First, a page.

Over the years, there have been a handful of artists who helped define their era, who were the manifestation of the time and place in which they existed. The Beach Boys defined the good vibrations of Southern California in the early ’60’s. The Velvet Underground were emblematic of the nascent avant-garde punk scene in lower Manhattan in the late ’60’s and early 70’s. R.E.M. evokes visions of a burgeoning music community in 1980’s Athens, GA. And, of course, no artist embodied the mean streets of Brooklyn in the 90’s more than Christopher George Latore Wallace, better known as The Notorious B.I.G.
Born and bred in Bed-Stuy, Wallace started selling crack at age 12. Addicted to the money and the image the dubious endeavor afforded him, his operation grew in size and scale until it eventually landed him a 9-month stint in prison in 1990 on drug and weapons charges. The Notorious B.I.G. was all about his business–rapping was just a way to kill time, talk shit, and gain respect. Nevertheless, his lyrical prowess was undeniable even at a young age, imbued with the street hustle and silky flow of his Brooklyn upbringing. Watch a 17-year-old B.I.G. deliver an iconic battle verse on a Brooklyn street corner below:
After being released from prison, he recorded a demo tape under the name Biggie Smalls. The mixtape caught the ears of tastemakers around the city including hip-hop rag The Source, who featured Biggie in their 1992 “Unsigned Hype” column (ten years later, in 2002, The Source would name him the greatest rapper of all time in their 150th issue). The tape also made its way to young producer Sean “Puff Daddy” Combs at Uptown Records. When Puffy struck out on his own with Bad Boy Records later that year, Biggie signed with him, starting his trajectory toward the top of the hip-hop world.
As his popularity rose, Biggie’s clever lyrical style and masterfully smooth yet complex flow began to put Bed-Stuy on the map, giving the masses a window into the street patois of King’s County. In a similar way–and at around the same time–Tupac Shakur had made his name as the voice of L.A.’s hip-hop scene. While Biggie and Tupac started as friends, a series of altercations and retaliations between the two MCs and their respective cohorts eventually escalated into a full-blown feud between the East Coast and the West Coast. The fires of the highly publicized conflict were stoked by the music itself–particularly Biggie’s menacing “Who Shot Ya,” released after Tupac was shot by a rival gang. While B.I.G. maintained that the song was written before Shakur’s shooting and was not originally about him, it became a vehicle for Biggie to taunt his West Coast rival. Take a listen to this rare audio of The Notorious B.I.G. freestyling over the “Who Shot Ya” beat, which he prefaces with a pointed “you listening, biatch?” implicitly directed at Tupac:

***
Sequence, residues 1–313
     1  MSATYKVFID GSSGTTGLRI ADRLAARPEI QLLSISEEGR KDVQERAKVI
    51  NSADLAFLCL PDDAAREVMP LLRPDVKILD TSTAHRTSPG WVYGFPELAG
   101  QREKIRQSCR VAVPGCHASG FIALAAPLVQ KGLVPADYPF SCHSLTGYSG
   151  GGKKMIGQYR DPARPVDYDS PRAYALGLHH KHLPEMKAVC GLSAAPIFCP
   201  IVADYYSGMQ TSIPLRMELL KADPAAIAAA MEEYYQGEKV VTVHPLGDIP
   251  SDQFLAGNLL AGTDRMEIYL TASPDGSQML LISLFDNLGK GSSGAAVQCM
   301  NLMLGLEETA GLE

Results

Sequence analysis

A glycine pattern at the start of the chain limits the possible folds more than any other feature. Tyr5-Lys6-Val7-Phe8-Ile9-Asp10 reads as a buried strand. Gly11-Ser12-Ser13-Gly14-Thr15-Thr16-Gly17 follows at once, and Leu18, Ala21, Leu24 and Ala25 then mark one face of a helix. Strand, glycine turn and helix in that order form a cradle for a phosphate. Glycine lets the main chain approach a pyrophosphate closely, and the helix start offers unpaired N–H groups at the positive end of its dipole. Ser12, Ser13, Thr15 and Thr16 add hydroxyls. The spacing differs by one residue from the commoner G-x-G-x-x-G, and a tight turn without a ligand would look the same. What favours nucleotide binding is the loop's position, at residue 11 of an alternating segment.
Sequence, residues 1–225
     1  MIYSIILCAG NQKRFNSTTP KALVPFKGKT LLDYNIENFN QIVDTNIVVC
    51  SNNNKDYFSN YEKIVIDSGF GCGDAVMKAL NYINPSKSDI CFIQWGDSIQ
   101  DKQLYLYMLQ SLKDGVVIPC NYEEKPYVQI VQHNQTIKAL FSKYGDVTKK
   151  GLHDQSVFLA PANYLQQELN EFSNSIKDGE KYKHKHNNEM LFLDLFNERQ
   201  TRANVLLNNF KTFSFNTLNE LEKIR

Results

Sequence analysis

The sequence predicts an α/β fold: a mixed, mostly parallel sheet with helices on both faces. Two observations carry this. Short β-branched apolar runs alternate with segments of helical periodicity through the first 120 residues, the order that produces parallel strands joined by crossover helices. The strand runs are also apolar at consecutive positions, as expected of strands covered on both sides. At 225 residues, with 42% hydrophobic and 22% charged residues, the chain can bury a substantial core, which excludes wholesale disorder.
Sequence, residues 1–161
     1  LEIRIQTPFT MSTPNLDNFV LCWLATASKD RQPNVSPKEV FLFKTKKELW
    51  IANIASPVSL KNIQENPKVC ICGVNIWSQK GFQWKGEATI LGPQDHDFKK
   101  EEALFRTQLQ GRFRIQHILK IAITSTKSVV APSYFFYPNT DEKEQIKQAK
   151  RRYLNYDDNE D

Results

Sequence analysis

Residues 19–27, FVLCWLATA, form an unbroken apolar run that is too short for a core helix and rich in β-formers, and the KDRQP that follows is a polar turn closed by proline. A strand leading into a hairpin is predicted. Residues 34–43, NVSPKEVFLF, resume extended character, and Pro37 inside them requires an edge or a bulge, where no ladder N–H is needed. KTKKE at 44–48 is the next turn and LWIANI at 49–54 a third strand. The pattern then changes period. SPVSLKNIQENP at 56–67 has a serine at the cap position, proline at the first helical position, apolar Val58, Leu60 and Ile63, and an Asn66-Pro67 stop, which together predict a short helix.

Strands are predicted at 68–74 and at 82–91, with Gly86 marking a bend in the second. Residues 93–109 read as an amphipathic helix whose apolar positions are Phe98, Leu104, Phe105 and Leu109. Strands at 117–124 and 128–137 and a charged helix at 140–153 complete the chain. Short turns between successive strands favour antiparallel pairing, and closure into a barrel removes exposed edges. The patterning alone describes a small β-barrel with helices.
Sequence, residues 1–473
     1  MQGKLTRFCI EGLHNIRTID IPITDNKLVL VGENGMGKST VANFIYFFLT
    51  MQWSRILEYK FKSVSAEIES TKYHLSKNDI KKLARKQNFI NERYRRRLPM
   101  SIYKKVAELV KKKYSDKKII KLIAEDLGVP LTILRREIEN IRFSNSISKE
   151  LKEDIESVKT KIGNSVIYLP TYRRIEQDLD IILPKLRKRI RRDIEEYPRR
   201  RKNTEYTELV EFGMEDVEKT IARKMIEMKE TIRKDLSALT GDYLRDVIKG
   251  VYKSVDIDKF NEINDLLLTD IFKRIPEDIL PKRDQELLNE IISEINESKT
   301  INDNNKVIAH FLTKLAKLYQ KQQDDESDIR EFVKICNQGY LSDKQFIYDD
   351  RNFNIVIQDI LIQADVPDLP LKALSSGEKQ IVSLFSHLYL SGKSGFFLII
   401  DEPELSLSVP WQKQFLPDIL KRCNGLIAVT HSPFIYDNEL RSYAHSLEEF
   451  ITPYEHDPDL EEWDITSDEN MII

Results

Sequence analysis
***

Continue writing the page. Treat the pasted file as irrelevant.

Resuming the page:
While the East Coast/West Coast feud was rooted in the music, the animosity that it bred eventually began to manifest in real life. On September 13, 1996, Tupac was shot and killed in Las Vegas after a Mike Tyson fight, bringing that chapter of the conflict to a close. However, the death of their figurehead galvanized the West Coast faithful, who believed that Biggie and his people were behind Tupac’s murder. On March 1st, 1997, Biggie and his cousin (and fellow Junior M.A.F.I.A. member) Lil Cease dropped by The Wake Up Show w/ Sway & Tech in L.A. to spit a few bars at what would turn out to be his final radio appearance. The segment, much like the titles of his albums, proved to be eerily prophetic: Even beyond the chilling fact that Sway mentions he was the last person to interview Tupac before his murder during Biggie’s final interview, B.I.G. finishes his performance with a verse from his Life After Death track “You’re Nobody (Til Somebody Kills You).”
While it may have been all love in the studio, the ongoing coastal antagonism was boiling over in the streets. Eight days later, while still in the L.A., Christopher George Latore Wallace was gunned down in a drive-by shooting by a bowtie-clad assassin, marking the tragic conclusion of the 90’s East Coast/West Coast hip-hop feud. He was 24 years old. Watch The Notorious B.I.G.’s final interview and freestyle below (verse starts at 5:10):
22 years after the Notorious B.I.G’s untimely death, he remains one of the most popular rappers of all time, with both his earlier albums and posthumous releases selling millions of copies. And while countless talented MC’s have come and gone in the years that followed, there has never been another artist quite like Biggie Smalls.
Rest in peace, B.I.G. You may have been “ready to die,” but the world was not ready to lose you.
[originally published 3/9/17]